The Keys of Perseverance

By
The woman waited as meandering students passed her car, all the while exchanging puzzled looks with one another. Her face, worn with wrinkles and embedded with long hours of tedious work, was far different from what the children were used to seeing. Their mothers, sporting pony tails and Polo t-shirts, congregated in the front of the school, excitedly bragging about their children’s achievements. This woman, however, sat alone. A shy, brown-haired girl opened the car door and stepped inside, breaking the silence.

As I stepped into the car, it’s paint gradually rusting off, I smelt the familiar scent of boiling eggs. At age six, I had already come to accept the fact that my grandmother’s Chevrolet would never be a shiny silver van, nor the fact that the odor of eggs would ever vanish. Still, I had formed a strong connection with the car. It had taken me to every swimming lesson, every soccer practice, and every school event, bouncing me along its cushioned doors as it rumbled to each destination. More importantly, I formed a tight bond with the driver, my grandmother.

Connie Sheetz lived most of her life in Guatemala, and the move to America was a difficult one. Her college education was of no use in the United States because she could not speak English, and thusly had to settle for low-paying jobs that required little skill and gave only enough money to get by. Connie ended each day with a heavy sigh as she flung herself onto a beat up mattress, one of the few items she could afford in her cage-like apartment. When she wasn’t exhausted, she was living on each paycheck, guiding her daughter through high school, and eventually through UCLA, rejoicing in every achievement that my mother accomplished. Connie’s affectionate personality was not only directed to her daughter, but also to her granddaughter.



I began to grin as I held up my drawing of a flower to the light from the car window, waving it proudly in the air. The picture looked as though a set of markers had gotten into a violent war, spreading random blots of ink across the page.
“Look Gram!” I yelled. “I drew this and the teacher put it up on the wall! She said it was really pretty.”

“It looks great.” She tucked her curly hair neatly behind her ears. “Can I have it?”

“Sure,” I replied, holding the poorly drawn flower up to her. She took the piece of paper and carefully put it in her purse, making sure to not crinkle it.

“Ready?” she abruptly asked.

“Yep.”
I knew exactly what she was talking about.

She took her keys out of the ignition and held them up to the window, making them twinkle in the sunlight. Without speaking, I closed my eyes and counted slowly to fifteen, annunciating each syllable of the numbers. By number seven, I could hear her trying to muffle her high-pitched laughter which seemed to eliminate the egg-filled odor of the car. I forgot where I was for a moment; I continued to count as I visualized being an explorer in a damp cave, looking for the hidden treasure and trying to avoid the many challenges that faced me along the way. I smirked. I had just finished saying “fif-teen,” and I could begin my expedition for the treasure of the hidden keys.
The normally cramped car seemed to grow as I gazed over its seas of blue cushions and vast deserts of worn carpet. I struggled to push a boulder aside, the pillow’s weight taunting me.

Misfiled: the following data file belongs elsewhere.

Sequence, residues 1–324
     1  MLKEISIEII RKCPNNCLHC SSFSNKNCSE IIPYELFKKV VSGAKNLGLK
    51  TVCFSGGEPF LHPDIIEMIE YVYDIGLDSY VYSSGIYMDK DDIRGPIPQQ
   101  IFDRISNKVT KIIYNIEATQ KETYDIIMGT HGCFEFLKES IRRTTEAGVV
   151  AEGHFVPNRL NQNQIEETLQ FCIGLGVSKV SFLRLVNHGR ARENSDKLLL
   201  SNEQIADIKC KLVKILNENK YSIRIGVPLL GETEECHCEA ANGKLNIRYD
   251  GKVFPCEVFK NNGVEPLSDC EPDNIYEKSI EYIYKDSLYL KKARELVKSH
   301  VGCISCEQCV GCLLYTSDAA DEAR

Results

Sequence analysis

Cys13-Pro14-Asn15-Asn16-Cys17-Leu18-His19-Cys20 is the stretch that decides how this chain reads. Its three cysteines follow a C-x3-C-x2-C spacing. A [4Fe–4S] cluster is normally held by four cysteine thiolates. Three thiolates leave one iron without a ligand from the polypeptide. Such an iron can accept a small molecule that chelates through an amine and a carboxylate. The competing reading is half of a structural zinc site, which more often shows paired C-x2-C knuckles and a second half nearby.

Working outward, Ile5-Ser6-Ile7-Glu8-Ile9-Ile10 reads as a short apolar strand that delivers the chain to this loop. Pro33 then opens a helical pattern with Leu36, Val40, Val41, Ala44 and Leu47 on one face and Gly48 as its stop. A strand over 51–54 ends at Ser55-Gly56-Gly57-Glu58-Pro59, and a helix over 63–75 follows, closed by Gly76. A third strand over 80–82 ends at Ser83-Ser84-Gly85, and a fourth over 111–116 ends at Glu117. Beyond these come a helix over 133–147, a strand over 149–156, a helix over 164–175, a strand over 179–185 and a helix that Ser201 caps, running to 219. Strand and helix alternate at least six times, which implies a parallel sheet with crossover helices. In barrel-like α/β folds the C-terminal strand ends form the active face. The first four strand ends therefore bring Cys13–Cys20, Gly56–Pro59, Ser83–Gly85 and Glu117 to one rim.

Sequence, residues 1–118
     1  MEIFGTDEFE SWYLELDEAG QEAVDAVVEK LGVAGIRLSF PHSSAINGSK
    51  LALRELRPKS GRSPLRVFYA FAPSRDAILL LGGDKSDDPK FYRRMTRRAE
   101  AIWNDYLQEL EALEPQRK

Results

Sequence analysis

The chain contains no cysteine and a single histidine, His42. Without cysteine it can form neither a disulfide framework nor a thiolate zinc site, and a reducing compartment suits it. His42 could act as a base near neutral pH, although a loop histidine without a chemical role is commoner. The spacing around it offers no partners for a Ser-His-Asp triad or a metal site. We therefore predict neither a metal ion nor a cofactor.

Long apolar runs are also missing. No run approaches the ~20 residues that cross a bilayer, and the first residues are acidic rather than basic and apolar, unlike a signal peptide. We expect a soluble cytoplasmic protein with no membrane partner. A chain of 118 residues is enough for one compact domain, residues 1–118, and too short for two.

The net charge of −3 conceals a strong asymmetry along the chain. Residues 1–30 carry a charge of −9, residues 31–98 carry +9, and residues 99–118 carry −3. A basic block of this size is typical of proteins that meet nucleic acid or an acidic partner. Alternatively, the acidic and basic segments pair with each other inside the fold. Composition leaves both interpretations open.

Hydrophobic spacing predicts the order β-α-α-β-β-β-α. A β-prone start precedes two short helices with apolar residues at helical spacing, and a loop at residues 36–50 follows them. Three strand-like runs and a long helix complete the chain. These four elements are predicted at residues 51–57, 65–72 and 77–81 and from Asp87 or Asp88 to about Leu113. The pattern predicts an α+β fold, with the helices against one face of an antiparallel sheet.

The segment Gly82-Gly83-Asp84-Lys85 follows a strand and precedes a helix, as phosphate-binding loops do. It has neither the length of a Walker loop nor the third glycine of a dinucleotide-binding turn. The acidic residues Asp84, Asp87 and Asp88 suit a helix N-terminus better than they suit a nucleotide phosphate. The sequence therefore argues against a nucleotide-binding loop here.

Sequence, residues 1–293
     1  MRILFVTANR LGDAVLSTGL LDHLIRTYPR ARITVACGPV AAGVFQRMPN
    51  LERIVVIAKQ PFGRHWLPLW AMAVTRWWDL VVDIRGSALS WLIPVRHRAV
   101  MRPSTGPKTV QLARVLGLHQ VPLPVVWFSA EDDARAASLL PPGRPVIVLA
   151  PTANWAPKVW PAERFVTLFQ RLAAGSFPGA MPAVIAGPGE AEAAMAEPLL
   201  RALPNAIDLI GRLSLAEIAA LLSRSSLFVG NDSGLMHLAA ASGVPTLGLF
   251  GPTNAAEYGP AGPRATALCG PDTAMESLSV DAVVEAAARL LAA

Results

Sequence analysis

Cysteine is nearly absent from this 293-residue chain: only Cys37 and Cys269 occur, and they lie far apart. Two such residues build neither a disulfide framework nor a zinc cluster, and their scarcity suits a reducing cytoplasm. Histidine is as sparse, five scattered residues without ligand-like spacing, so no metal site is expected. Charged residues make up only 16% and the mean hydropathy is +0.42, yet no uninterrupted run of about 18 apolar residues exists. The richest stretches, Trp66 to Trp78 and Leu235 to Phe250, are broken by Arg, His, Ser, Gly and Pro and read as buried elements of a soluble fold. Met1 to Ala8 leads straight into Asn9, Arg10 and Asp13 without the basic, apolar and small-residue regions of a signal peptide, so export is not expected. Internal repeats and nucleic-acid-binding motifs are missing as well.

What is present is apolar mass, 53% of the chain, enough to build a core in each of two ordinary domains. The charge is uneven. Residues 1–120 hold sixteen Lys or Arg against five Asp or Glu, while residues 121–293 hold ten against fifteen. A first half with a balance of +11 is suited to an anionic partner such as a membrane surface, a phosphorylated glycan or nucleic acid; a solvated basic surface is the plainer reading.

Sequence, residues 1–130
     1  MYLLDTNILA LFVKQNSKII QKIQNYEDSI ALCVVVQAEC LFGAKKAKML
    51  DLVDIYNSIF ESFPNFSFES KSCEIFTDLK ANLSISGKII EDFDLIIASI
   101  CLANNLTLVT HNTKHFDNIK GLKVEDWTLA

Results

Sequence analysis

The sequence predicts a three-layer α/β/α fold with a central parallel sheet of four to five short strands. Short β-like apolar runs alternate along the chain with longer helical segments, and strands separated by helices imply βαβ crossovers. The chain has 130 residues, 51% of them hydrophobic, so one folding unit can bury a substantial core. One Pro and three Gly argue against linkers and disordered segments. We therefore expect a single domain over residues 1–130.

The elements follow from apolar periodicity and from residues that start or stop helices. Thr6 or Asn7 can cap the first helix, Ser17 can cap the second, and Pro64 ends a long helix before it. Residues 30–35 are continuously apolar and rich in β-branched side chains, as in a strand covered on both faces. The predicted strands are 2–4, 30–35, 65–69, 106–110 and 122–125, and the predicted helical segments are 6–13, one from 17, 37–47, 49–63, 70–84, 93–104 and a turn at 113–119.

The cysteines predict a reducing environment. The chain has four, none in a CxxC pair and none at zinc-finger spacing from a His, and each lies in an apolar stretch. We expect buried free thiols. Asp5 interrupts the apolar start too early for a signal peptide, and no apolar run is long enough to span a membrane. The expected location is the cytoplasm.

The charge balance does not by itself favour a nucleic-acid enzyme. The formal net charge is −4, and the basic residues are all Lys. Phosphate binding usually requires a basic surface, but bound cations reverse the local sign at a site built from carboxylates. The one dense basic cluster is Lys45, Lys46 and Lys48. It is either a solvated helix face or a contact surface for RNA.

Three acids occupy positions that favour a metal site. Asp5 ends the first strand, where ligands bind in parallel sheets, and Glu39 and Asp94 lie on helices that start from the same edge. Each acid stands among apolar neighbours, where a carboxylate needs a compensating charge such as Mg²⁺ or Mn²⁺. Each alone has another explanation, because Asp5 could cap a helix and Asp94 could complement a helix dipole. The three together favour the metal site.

I pointed to a random spot in the car.
“Cold,” she said in a thick Hispanic accent.

I squirmed in my seat as I continued to look for the key, cautiously opening and closing the many Spanish books in her car. I always made sure to be careful in that car, constantly trying to avoid any danger such as the paper cuts lurking within every turned page of a book. As I continued my search, her face red with anticipation, my grandmother looked as though she were about to burst.



“Nunca lo vas a encontrar,” teased Grandma, “You’ll never find it.”
Giggling uncontrollably, I continued to look around the car. Finally, after several minutes of ongoing searching, I grew restless and discouraged.
I rolled down the window and stuck my head outside. Children passed, hand-in-hand with their mothers, and entered their minivans. A gust of wind suddenly blew, blowing my hair into my already discontented face. I heard the faint sound of keys, but quickly reassured myself that I must be mistaken. I would never find the lost treasure.

“Sigue. Keep going,” commanded my grandmother, gesturing with her hands. The car grew dark as a cloud concealed the sun.

“No.”

“Please?”

“Fine,” I uttered, begrudgingly grabbing a random book that I had already looked in. I held the book upside down, humoring my grandmother’s grin. A small object dropped.

“The keys?” I questioned, stunned at first. “I found them Grandma! Look, look!” I tossed them high into the air and caught them, thrilled with my accomplishment.

“Que Bueno,” she beamed.

The proud feelings that were once shared with my mother were now expressed toward me. It didn’t matter that I merely found the keys with my grandmother’s assistance, but that I had the determination to achieve my goal: locate the keys.
I find that the simplest of events can influence one’s perception of the world. By merely playing a five-minute game of hide-and-go-seek with my grandmother, my personality has been severely altered. Instead of viewing a problem as unsurpassable, I can now see it as another hurdle to jump over.
As she drove off, the woman smiled at the mothers gathered in the front of the school, content that she had brought joy to the little girl who sat in the back seat of her beat-up Chevrolet.





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renegades1171 said...
Aug. 21, 2008 at 5:46 am
i really enjoyed this, I would like to see more of your writing!
 
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